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Spazio all’Europa: Giovanni Bignami sull’International Herald Tribune
In un articolo pubblicato tra gli editoriali e commenti dell'International Herald Tribune di oggi, il presidente dell'ASI Giovanni Fabrizio Bignami parla del futuro della ISS e delinea un nuovo, ambizioso obiettivo per la politica spaziale europea: una stazione spaziale di nuova generazione, che serva da "base di lancio" orbitante per raggiungere Marte.
Space for Europe
By Giovanni F. Bignami
Published: February 6, 2008
When the aging Shuttle brings the European Space Agency's Columbus module up to the International Space Station on Thursday and its crew screws it all together, participating nations will finally be close to using its relatively short exploitation period.
Scientists from around the world will only have about 10 years to use the facility – for it is also aging, having taken a good two decades to build. Now is the time, especially for Europe, to start planning the post-space station future of manned space travel.
The Shuttle will be abandoned in two years. Access to the space station will then only be possible with that old workhorse, the Sojuz, based on essentially the same technology that shot Yuri Gagarin into orbit in 1961. Now that the Cold War is over, Sojuz is open to Americans and Europeans alike, but the cost of a ticket is likely to go up.
Moreover, however glorious its history, Sojuz has a limited cargo capacity.
But Russian participation has had a curious consequence – it has forced the space station into a peculiar orbit, passing over Bajkonur, Kazakhstan, whence all Sojuz rockets take off, instead of Cape Canaveral, Florida, as originally planned.
That is certainly an ironic fate for a space station originally conceived in the time of Ronald Reagan as a tool against the "evil empire." Now the descendants of that empire are needed to help solve a space transport problem, so the space station's orbit has had to be tilted toward the Russians.
Bajkonur, however, is too far from the equator to be used for exploring the moon and the planets. And whatever its orbit, about 10 years from now the space station will have to be deactivated, owing to old-age and maintenance cost-effectiveness.
Such a programmed demise is a logical part of the NASA plan, which is now concentrating on returning humans to the Moon and (possibly) building a base on it.
Although the original U.S. plan appeared at some point to justify a Moon base as a starting point for going to Mars, it is now clear that this is not, and cannot be, the case. It makes no sense to land and take off from the Moon on the way to Mars, given that the original hopes of transforming lunar material into fuel were dashed on further reflection.
The only way to send humans to Mars is with a nuclear-powered spaceship, starting from an outpost, a shipyard, orbiting our Earth. From a base relatively close to the equator – like Cape Canaveral or, better still, the European Space Agency spaceport of Kourou, French Guyana – one can have optimal access to such an orbit.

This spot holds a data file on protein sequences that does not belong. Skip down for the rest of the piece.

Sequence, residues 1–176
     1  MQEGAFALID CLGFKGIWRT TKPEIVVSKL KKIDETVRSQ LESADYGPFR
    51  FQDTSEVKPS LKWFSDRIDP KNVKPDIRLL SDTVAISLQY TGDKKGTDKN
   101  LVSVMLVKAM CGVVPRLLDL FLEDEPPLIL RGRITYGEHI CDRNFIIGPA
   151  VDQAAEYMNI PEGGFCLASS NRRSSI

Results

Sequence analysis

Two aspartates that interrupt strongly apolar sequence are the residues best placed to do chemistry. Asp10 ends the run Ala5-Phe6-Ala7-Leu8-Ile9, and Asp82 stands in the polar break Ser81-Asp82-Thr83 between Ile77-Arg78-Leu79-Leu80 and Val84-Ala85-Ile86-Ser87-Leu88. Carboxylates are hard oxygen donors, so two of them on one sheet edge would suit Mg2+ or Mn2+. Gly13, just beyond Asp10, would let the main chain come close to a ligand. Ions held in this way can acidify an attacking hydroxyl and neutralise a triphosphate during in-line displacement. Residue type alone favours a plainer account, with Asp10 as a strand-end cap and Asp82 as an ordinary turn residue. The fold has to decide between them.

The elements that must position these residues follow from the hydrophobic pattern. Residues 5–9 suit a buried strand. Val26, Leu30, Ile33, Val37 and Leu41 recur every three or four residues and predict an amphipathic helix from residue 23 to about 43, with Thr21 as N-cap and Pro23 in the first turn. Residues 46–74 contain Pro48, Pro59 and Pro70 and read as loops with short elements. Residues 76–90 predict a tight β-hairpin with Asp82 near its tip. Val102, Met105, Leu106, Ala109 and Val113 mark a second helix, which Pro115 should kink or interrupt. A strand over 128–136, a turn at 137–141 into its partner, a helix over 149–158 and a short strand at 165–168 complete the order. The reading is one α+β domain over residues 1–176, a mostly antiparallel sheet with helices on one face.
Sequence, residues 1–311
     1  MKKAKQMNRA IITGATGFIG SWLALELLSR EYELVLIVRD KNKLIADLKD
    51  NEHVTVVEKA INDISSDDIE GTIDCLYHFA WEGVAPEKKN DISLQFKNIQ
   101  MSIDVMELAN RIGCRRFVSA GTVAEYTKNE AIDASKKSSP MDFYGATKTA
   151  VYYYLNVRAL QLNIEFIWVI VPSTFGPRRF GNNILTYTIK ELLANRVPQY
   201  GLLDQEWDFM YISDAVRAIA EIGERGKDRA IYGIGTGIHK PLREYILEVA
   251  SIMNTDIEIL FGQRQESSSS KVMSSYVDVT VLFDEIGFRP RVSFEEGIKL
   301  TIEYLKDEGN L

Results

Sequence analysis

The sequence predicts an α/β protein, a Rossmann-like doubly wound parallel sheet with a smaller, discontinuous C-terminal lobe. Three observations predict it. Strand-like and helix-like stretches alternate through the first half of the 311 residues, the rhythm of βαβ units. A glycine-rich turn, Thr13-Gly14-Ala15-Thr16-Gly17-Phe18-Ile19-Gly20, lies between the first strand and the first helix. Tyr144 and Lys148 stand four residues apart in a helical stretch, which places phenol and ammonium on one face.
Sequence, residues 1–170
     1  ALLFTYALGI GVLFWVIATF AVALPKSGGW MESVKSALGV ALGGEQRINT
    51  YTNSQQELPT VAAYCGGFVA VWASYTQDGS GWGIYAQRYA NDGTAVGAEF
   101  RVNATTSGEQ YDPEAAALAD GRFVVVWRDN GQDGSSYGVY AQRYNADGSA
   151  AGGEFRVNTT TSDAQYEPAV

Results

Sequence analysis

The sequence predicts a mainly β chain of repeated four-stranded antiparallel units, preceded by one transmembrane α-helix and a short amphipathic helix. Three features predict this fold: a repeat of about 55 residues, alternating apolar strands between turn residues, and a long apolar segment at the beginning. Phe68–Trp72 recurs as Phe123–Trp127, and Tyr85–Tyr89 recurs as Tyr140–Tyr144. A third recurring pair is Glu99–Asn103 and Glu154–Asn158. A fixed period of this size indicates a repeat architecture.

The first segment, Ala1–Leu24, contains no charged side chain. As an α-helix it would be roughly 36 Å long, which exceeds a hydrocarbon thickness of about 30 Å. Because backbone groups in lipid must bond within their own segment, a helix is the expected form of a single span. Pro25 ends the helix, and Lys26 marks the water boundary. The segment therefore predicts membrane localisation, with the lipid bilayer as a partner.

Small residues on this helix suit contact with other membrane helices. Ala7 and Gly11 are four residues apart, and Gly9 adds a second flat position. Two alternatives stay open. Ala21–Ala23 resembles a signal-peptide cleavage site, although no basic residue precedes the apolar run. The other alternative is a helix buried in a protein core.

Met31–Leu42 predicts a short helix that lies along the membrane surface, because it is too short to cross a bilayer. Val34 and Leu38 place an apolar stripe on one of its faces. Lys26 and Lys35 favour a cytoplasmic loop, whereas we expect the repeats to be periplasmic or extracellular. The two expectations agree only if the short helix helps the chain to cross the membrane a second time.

The shipyard can be stocked using chemical, Shuttle-like propulsion. But the next leg would require a nuclear-powered spaceship, which could be assembled in space in full safety.
The Kourou spaceport offers Europe an opportunity to give a long-term, post-ISS future to its manned space program. European decision-makers need to take an initiative that will establish a strong collaboration with NASA and demonstrate the innovative spirit and boldness of European industry and science.
The Columbus module and the current International Space Station can serve as a laboratory and as training ground, but they can never hope to be refurbished into a launching pad for a Mars mission. Europe should therefore start thinking about a new equatorial shipyard in space.
The exact type of orbit needed will have to be worked out in collaboration with NASA, according to the requirements of celestial mechanics and accessibility both from Kourou and Cape Canaveral.
Certainly, the high-lift Ariane launcher, equipped with its Automatic Transfer Vehicle (which will have its maiden flight on Feb. 22 from Kourou) could come in handy for a new orbital infrastructure.
Some pieces for it may already exist: three Multi-purpose Logistic Modules were built by Italy for the station station. They went up (and down) on the Shuttle. Now in storage at the Cape, the property of NASA, they await a better future.
An inspiring name for Europe's new initiative could be "Lunetta," the name that Wernher von Braun gave to his own, visionary space station, designed in detail in 1949 – well before Sputnik. At variance with Von Braun's ideas, it may be more prudent not to plan continuous manning.
If put on a stable orbit (unlike the ISS, which requires continuous adjustments to stop it from crashing back to Earth), astronaut-engineers could use the Lunetta as required, saving expensive trips and, at the same time, fostering robotics for on-board work.
In parallel to Lunetta, Europe should start thinking about the spaceships themselves. They will have to be of Airbus size and to move fast to avoid killing the crew with prolonged space-radiation exposures.
Such a combination of mass and speed calls for exploiting the most efficient, and most natural energy form – nuclear. Good ideas already exist on how best to use nuclear power for interplanetary propulsion. It's time we started serious work on it.
The timing seems just right: the grandchild of Homo sapiens, Homo spatialis, will go to Mars within this century. With Lunetta, its Europaeus strain can now contribute the wheel, and even an ox to pull the cart.
Giovanni F. Bignami is president of the Italian Space Agency and professor of astronomy at the Instituto Universitario di Studi Superiori in Pavia, Italy.
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